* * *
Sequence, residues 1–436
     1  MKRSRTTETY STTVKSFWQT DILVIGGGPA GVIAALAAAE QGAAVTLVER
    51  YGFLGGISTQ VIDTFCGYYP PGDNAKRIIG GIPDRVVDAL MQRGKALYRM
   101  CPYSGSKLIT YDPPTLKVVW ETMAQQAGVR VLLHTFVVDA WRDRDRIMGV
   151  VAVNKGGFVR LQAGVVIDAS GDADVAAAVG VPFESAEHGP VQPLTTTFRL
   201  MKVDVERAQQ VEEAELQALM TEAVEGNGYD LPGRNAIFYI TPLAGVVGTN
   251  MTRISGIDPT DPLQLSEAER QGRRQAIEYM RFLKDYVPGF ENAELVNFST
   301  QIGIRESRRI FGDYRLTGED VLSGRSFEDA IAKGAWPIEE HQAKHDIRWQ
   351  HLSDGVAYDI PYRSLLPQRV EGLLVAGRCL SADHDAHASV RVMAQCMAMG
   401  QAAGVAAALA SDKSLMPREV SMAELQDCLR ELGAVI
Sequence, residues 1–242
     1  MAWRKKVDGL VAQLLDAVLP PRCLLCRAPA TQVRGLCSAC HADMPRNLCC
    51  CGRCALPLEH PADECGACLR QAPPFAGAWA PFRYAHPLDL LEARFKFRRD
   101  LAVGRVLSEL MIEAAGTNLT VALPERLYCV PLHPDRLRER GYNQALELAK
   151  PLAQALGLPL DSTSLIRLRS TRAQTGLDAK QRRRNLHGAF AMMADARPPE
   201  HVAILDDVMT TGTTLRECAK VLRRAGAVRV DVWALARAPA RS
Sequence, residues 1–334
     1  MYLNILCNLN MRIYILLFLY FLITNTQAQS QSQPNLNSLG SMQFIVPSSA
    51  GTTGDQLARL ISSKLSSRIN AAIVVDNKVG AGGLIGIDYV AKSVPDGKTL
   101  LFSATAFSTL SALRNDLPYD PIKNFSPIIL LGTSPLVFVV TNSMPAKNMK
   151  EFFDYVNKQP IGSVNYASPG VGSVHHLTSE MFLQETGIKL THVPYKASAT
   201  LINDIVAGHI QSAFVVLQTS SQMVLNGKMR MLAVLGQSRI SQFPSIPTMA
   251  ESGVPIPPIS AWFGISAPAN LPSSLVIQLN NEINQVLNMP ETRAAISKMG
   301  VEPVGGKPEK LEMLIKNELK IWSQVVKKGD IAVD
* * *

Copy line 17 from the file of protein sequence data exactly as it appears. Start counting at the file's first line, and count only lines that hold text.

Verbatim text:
Sequence, residues 1–334